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Next-generation iPhone found to use stronger aluminum alloy

Next-generation iPhone found to use stronger aluminum alloy

August 19, 2015

In June, we reported on rumors that the next generation of the iPhone would use the same custom Series 7000 aluminum as the one used for the Apple Watch, allowing the handset’s case to be up to 60 percent harder than that of the iPhone 6. Recently, a video from Unbox Therapy showed that the alloy used for the next-generation iPhone, dubbed the “iPhone 6s,” contains roughly five percent zinc, an element not found in the iPhone 6 shell.

The 7000 Series aluminum alloy used for the Apple Watch, however, does contain approximately that amount of zinc, which would seem to confirm that the new iPhone 6s will feature a stronger case than its predecessor. The proof is in the pudding, however, and Unbox Therapy managed to get its hands on an iPhone 6s case and put it to a bend test.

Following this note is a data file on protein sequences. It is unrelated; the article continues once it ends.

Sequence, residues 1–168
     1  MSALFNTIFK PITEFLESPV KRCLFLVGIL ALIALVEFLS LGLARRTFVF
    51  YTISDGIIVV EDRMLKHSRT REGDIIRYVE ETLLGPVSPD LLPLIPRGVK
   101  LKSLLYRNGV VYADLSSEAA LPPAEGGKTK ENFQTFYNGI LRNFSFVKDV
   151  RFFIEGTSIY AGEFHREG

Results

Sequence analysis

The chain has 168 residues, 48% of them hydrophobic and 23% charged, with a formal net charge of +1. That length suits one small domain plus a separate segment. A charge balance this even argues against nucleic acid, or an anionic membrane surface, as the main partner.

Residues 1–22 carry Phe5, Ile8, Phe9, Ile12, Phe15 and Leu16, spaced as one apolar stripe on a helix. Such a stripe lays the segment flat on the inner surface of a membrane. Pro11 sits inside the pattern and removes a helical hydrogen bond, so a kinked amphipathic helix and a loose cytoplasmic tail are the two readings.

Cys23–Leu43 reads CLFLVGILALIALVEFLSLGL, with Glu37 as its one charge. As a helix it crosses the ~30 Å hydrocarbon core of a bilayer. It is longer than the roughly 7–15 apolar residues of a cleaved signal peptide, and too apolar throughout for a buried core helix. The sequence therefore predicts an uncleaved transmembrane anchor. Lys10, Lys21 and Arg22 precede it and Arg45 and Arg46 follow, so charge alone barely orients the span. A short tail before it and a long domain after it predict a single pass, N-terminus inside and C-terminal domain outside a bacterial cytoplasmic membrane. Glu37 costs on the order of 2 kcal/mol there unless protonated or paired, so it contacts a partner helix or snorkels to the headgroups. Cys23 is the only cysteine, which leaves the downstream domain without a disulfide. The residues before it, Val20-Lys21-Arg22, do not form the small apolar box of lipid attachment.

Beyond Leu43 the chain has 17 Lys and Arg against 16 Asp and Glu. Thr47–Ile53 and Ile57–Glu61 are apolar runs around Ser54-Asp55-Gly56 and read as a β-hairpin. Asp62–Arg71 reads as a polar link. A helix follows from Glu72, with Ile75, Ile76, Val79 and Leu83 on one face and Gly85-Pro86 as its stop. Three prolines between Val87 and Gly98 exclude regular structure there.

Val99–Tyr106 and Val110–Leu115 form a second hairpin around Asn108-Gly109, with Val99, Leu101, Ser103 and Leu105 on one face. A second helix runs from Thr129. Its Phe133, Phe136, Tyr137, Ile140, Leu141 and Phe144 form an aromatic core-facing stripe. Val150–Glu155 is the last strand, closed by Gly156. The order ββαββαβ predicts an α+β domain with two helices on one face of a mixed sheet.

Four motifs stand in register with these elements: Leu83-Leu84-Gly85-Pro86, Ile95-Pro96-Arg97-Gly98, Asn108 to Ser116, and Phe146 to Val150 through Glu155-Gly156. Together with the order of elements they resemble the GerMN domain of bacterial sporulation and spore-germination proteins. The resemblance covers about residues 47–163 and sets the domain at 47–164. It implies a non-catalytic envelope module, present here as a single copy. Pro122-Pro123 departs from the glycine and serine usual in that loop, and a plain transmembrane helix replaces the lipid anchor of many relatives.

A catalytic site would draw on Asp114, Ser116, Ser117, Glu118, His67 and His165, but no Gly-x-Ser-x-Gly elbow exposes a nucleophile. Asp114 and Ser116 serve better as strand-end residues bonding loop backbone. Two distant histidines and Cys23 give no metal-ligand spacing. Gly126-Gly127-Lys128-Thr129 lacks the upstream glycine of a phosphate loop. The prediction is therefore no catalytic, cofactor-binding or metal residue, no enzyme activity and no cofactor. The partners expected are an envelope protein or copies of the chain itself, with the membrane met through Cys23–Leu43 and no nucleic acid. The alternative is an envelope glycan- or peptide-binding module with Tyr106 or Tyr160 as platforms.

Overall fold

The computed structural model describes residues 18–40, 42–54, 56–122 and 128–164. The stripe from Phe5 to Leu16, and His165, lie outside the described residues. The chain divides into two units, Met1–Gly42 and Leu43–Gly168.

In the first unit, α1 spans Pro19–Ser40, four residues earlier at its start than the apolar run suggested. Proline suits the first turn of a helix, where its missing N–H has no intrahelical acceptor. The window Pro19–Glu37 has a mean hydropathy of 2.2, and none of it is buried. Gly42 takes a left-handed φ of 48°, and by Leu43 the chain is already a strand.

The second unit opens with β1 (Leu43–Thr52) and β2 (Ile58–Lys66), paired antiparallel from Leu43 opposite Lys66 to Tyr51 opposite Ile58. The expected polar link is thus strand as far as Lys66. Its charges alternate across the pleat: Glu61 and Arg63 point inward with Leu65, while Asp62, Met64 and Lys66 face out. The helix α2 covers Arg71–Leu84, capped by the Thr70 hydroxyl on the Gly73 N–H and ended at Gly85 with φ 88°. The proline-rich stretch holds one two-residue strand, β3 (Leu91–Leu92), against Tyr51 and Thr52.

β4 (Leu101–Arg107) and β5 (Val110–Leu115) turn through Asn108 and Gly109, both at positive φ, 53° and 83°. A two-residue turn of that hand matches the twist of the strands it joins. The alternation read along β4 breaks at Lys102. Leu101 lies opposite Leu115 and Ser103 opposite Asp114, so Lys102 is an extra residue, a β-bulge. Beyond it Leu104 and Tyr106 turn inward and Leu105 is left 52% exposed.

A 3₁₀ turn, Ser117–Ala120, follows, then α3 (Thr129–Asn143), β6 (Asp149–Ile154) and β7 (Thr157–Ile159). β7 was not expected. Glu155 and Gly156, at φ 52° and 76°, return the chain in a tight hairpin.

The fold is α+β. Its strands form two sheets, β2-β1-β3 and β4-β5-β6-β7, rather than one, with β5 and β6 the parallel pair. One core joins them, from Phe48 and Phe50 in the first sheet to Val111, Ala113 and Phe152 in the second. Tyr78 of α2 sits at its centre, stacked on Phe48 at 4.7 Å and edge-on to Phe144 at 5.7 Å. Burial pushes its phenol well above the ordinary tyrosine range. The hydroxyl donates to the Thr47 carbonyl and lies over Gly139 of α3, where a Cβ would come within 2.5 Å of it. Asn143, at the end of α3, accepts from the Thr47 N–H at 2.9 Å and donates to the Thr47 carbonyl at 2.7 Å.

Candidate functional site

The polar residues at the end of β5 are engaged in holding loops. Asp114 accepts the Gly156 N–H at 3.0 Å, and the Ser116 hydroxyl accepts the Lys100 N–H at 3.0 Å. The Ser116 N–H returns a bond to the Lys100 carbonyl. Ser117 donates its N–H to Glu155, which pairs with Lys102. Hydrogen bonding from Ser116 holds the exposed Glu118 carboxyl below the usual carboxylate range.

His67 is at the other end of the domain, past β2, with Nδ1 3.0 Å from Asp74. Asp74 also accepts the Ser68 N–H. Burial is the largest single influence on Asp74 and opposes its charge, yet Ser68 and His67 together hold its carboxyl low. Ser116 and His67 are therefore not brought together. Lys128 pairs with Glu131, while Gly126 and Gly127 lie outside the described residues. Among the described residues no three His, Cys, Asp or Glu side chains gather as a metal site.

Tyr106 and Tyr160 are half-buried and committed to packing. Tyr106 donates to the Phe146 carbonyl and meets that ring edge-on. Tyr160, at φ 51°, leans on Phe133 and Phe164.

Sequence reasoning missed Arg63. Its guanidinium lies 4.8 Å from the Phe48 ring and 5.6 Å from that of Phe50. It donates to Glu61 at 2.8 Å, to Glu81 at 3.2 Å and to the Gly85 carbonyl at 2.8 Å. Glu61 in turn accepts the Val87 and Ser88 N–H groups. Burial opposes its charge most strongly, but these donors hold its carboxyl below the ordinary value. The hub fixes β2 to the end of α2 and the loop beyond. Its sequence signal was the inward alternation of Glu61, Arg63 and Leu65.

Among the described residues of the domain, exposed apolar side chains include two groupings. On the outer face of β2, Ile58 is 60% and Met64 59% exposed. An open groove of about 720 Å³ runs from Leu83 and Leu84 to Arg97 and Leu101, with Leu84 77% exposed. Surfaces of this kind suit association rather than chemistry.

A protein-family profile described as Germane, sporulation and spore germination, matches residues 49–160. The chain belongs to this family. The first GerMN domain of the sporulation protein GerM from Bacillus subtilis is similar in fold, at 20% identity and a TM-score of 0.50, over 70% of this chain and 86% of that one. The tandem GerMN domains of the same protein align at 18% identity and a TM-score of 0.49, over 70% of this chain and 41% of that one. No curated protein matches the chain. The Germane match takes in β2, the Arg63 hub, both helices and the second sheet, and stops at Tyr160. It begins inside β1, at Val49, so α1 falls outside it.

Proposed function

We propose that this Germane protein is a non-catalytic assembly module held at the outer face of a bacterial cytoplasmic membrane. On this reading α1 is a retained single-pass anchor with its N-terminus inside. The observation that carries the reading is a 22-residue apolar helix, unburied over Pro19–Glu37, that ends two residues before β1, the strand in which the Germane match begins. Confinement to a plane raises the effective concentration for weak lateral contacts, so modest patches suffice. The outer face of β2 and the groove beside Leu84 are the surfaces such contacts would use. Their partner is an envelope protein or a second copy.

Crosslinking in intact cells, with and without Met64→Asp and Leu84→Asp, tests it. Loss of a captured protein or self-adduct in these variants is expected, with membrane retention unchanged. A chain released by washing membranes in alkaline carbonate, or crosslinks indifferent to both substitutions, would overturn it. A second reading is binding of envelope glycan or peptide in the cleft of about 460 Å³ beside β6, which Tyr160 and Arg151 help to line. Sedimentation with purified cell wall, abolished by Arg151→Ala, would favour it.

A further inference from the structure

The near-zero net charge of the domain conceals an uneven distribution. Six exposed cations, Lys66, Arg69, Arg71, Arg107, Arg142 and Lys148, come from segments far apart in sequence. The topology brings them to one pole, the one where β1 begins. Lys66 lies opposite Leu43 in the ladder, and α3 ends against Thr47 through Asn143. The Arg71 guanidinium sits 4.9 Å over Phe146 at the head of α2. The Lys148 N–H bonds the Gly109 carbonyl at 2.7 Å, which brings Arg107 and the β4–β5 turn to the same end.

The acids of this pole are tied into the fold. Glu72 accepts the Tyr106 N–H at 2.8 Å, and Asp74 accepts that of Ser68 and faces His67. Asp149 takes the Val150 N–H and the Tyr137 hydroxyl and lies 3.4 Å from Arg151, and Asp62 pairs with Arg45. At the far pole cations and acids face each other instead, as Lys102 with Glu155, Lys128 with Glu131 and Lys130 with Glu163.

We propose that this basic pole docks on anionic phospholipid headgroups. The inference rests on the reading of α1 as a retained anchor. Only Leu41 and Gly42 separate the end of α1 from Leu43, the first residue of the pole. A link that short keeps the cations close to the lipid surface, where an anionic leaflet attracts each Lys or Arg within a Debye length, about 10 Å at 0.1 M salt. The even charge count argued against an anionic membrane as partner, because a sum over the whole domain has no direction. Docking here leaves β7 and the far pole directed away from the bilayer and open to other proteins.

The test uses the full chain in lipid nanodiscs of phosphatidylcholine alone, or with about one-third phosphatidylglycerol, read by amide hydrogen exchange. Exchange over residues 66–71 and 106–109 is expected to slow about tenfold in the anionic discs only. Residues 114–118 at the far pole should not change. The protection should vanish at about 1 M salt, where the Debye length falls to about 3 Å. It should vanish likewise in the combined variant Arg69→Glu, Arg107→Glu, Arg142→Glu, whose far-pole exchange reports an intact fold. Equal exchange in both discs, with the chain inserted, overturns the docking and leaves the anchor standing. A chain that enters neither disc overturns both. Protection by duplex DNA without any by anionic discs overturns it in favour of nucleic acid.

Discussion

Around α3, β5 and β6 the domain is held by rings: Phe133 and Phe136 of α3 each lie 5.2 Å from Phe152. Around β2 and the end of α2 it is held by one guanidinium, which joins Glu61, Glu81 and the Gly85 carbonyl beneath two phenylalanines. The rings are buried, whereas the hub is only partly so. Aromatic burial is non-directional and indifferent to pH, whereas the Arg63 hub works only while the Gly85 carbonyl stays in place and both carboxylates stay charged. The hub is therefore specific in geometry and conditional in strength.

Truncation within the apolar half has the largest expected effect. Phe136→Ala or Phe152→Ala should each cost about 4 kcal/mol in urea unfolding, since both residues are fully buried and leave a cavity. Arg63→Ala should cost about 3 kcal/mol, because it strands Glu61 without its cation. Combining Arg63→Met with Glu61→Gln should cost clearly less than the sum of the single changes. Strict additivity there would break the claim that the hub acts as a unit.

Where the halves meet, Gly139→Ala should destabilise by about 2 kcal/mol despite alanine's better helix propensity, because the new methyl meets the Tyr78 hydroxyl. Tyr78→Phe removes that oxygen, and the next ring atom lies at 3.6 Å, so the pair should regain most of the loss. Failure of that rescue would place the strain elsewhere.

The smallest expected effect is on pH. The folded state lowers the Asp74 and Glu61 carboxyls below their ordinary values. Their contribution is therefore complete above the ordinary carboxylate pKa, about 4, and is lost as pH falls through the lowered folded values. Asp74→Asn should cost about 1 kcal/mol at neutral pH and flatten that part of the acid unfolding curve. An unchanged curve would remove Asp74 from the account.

Unbox Therapy’s full video is below, so check it out or click here if it fails to load. They start testing the ability of the iPhone 6 to bend at approximately the 6:33 mark, and find that the current-generation handset begins to deform at a little more than 30 pounds. By way of contrast, the iPhone 6s is tested beginning at the 8:29 point in the video, and takes more than 80 pounds of force to begin bending the case.

You might recall our coverage of SquareTrade’s tests of the tendency of the iPhone to bend, and those numbers were considerably different from what Unbox Therapy found. The difference between the two tests is that SquareTrade was testing the complete iPhone, while Unbox Therapy is working with just the shell of the iOS device.

This does not sound like a real world test, but there’s still good reason to evaluate the strength this way. The hypothesis is that the iPhone 6s is using a stronger aluminum alloy for the case, so the exterior part itself needs to be evaluated. If an entire iPhone was used for this test, the innards might skew the results by being stronger or weaker between generations.

This is good news for people who carry their phones in their back pocket. With more than double the tensile strength of its predecessor, the iPhone 6s should be far less likely to bend and break. Honestly, I think the problem was blown out of proportion, but it’s good to see Apple changing materials to something stronger and less likely to bend.

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